VANCOUVER, B.C. – At last night’s Park Board meeting, Green Commissioner Camil Dumont substituted a motion introduced by Commissioner Coupar with one of his own. Coupar’s original motion asked the city to accelerate its plans to separate combined sewer overflow pipes (CSOs) by the year 2029, instead of the city’s current goal of 2050. Dumont’s replacement motion asked the City and Park Board staff to focus on investing in green infrastructure instead of solely on sewage pipe upgrades, which Greens view as outdated technology.
Currently the city’s rain management infrastructure is designed to capture and funnel rainwater into the sewer system, and send it to be processed with sewage at a treatment plant. When rainfall is too heavy, CSOs dump all excess water, including sewage, into False Creek and other bodies of water surrounding our city. Greens would like to see rainwater diverted from the pipe system all together and used to water our trees, grass, and plants.
“It’s time for a paradigm shift; we need to start treating rainwater as a resource instead of as waste,” said Dumont after his substituted motion passed unanimously, with a few amendments.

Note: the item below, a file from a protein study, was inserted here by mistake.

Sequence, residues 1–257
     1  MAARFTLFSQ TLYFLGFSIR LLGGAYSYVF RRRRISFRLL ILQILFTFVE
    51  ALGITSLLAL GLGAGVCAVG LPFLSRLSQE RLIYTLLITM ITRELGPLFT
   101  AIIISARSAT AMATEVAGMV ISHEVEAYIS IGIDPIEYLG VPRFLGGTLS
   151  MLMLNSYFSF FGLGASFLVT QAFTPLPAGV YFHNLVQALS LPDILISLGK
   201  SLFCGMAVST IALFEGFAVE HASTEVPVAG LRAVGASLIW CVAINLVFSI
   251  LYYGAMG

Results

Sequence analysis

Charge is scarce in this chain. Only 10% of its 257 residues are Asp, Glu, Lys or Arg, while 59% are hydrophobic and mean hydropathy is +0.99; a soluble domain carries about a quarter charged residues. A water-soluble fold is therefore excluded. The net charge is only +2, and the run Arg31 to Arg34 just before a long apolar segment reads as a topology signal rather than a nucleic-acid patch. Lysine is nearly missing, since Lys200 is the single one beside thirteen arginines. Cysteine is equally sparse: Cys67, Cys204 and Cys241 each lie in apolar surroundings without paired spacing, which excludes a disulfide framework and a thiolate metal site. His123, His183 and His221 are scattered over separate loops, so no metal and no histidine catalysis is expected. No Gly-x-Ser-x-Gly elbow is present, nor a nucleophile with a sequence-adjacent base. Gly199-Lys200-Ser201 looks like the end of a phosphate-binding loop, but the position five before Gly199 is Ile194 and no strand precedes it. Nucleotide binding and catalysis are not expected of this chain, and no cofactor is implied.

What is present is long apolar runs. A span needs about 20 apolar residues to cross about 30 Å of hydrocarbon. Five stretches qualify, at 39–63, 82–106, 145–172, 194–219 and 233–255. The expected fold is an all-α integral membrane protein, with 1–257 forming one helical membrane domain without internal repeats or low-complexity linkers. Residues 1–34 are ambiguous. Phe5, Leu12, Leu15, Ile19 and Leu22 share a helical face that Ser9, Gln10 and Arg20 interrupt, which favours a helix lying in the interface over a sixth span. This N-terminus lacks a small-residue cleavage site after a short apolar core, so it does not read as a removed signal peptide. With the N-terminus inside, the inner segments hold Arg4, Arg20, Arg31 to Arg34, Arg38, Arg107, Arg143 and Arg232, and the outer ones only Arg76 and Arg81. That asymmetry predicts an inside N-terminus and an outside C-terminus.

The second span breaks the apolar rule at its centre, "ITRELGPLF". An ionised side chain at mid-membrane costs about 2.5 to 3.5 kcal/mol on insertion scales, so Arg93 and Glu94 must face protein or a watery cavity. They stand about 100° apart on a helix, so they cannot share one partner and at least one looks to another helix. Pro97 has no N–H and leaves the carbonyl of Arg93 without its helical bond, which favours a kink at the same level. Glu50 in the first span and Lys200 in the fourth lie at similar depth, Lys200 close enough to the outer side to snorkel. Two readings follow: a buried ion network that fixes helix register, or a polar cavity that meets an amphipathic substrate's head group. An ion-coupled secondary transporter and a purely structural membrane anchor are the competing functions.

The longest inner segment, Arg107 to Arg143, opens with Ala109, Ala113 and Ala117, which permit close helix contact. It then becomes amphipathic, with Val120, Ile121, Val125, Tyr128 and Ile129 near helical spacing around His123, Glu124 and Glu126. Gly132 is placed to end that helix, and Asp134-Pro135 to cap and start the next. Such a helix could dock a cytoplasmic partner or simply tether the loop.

“Everyone agrees we need to stop dumping sewage into our waterways, but Greens would like to see a transition from the traditional ‘gray infrastructure’ to a more sustainable ‘green infrastructure’ model.
“For Greens it’s about moving into the 21st Century. Why would we invest millions in centuries old technology that diverts our rain water from where it’s needed? Why would we continue to pay millions per year after that to treat rainwater instead directing it to our plants and greenspaces?”
A similar motion is up for debate at tonight’s City Council meeting. Councillor Michael Wiebe plans to support the efforts passed in the replacement motion at Park Board.
“We can’t keep doing the same thing we did 100 years ago,” said Wiebe. “I’d like to see the city invest in our future instead of in the outdated inefficient infrastructure, which got us into this problem in the first place.
“My goal is to get rainwater back to doing the job nature intended. We have an opportunity to be leaders in ‘green infrastructure’ which is not only more cost effective, but will also help mitigate the negative effects of the climate crisis.”